When patients come into Jade Community Acupuncture, a small clinic on Third Street in downtown Winona, they’re greeted by soothing music and a quiet hello from owner Jade Fang.
“What do you want to work on today?” she asks, as she guides them behind a curtain into her treatment room. She helps them recline in the clinic’s comfortable chairs, places a cloth over their forehead, offers a pillow and heat lamp.
Then Fang casually opens a pack of hair-thin needles and expertly places them in the patient’s skin, making sure to ask how the patient is feeling.
“Call if you need anything,” she says, as she leaves the room to welcome another patient.
But the patients will probably fall asleep just as soon as they close their eyes. Fang says, laughing, that she spends her days watching a room full of sleeping people.
If they snore, she makes a little note to treat the snoring next time.
“It’s really peaceful,” she says. “People come and they just, like, chill.”
Fang, 32, was born in Taiwan and came to the United States at age 6, settling in Florida. Both her parents are acupuncturists, so the practice has been a constant part of her life, she said.
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After getting her bachelor’s degree in sociology, Fang decided acupuncture could be her career as well. She graduated with a master’s degree from the Atlantic Institute of Oriental Medicine in Florida and, looking for a different place to live, opened her clinic in Winona about five years ago amid a national growing acceptance of acupuncture as a gentle way to treat a variety of ailments without drugs or traditional methods.
It’s not your typical acupuncture clinic.
Fang’s practice is community acupuncture, which is based on the principles of accessibility and sustainability. She belongs to the People’s Organization of Community Acupuncture, a cooperative focused on making oriental medicine accessible and sustainable in North America and around the world.
At Fang’s clinic, patients share the treatment room, and treatments are available on a sliding fee scale between $15 and $40, so patients can pay what they can.
“It gives people the flexibility to get the care that they need,” she said. For some, acupuncture is the only way to manage chronic pain. For others, it’s an alternative to expensive medications.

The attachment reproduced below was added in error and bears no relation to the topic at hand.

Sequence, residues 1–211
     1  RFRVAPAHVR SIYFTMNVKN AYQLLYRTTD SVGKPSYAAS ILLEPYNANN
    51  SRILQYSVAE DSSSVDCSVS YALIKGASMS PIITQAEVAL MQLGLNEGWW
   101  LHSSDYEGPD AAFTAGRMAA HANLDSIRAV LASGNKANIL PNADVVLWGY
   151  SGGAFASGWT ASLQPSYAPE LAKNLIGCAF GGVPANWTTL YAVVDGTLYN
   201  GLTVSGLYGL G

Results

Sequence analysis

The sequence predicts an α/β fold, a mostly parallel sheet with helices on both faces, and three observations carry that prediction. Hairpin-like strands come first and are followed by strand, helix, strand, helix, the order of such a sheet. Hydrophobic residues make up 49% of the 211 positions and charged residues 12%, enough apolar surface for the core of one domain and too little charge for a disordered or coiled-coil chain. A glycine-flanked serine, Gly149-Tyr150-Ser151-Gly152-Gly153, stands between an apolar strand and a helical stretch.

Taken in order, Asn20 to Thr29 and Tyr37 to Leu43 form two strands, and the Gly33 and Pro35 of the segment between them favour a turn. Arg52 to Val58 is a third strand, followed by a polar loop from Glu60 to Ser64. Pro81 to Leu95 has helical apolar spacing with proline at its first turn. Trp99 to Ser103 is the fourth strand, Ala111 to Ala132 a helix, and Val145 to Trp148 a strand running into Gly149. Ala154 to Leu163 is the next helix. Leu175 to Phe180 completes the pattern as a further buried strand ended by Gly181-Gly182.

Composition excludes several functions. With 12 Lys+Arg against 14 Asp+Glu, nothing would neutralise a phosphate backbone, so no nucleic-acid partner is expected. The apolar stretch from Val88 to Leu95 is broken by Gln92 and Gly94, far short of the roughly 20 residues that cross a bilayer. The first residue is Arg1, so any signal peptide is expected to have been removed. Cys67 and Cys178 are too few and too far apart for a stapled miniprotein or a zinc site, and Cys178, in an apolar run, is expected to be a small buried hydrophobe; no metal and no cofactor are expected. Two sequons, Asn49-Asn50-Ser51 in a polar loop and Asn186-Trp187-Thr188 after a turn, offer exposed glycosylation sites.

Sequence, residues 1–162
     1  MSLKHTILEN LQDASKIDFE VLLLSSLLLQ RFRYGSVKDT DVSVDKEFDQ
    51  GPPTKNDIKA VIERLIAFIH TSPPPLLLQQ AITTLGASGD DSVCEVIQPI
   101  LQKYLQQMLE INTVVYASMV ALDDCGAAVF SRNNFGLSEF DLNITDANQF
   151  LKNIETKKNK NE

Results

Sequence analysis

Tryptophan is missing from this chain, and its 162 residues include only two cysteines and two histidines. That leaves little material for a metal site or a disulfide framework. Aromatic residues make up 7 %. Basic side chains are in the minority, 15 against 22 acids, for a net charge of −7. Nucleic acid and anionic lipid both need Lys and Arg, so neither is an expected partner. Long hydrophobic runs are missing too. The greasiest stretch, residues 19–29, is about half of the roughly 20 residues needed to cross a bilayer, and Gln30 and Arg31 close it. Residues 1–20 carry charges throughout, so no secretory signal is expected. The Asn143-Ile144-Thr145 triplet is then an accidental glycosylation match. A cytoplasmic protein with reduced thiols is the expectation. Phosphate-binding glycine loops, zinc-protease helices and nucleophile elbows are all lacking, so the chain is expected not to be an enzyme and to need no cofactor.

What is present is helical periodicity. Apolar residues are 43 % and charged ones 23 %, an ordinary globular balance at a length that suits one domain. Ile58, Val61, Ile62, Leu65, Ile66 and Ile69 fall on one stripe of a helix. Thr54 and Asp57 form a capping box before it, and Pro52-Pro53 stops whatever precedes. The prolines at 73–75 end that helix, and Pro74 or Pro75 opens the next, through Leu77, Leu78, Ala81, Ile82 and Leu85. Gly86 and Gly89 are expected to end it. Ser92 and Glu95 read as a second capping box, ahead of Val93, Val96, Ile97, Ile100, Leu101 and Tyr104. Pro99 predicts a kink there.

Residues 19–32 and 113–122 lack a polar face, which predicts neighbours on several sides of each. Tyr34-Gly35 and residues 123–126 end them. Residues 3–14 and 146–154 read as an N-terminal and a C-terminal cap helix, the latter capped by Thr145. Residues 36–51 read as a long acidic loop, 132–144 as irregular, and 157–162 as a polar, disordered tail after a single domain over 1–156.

Fang said community acupuncture is also a perfect fit for her as a practitioner. She’s trained in acupuncture, not running a business, and she said it’s easier to make a modest, sustainable living with the community of clients she serves rather than giving expensive treatments to a few.
Fang’s affordable rates give patients the opportunity to take charge of their own health, too.
“People are really thankful, I think,” Fang said. “It’s a new kind of relating, where people are really taking care of themselves.”
When Fang first began her practice, she heard the usual feedback from people who were unfamiliar with acupuncture. Will I get hepatitis? Won’t it hurt?
But acupuncture has a way of soothing those fears.
“Acupuncture works really well for stress,” Fang said. “It takes you out of that fight-or-flight.”
Over the past four years, Fang has seen a steadily expanding base of patients. She sees retired farmers who drive in from rural Winona County. She sees factory workers and bankers. She sees kids. She sees couples.
“It’s a really tight-knit community, so there’s a lot of word-of-mouth,” she said.
People still sometimes misconceive acupuncture solely as a last resort when all of western medicine has failed, but Fang’s practice serves people with more commonplace concerns too, such as allergies, or shin splints on high-school athletes.
“Then you know you’re getting somewhere,” Fang said, laughing.
She sees the cancer patients too, and those suffering from chronic conditions. Acupuncture can help surgery wounds heal faster, boost the immune system, and improve the effectiveness of physical therapy, Fang said.
It’s a regulator — helping the body do what it knows how to do, and it reaches deeper than treating symptoms. “I don’t want to just take away the pain,” she said.
She doesn’t give up, even with stubborn ailments that take time to heal.
“I think that really empowers people,” she said. “It’s a different way of looking at health care.”
Each patient interaction is different, and Fang admitted she doesn’t always get things perfect the first time. Sometimes patients don’t say what’s really wrong, and it takes them a few treatments before they feel comfortable bringing their deeper concerns, like depression or stress, to Fang.
“It’s always kind of a talking, a relating, a figuring out,” she said.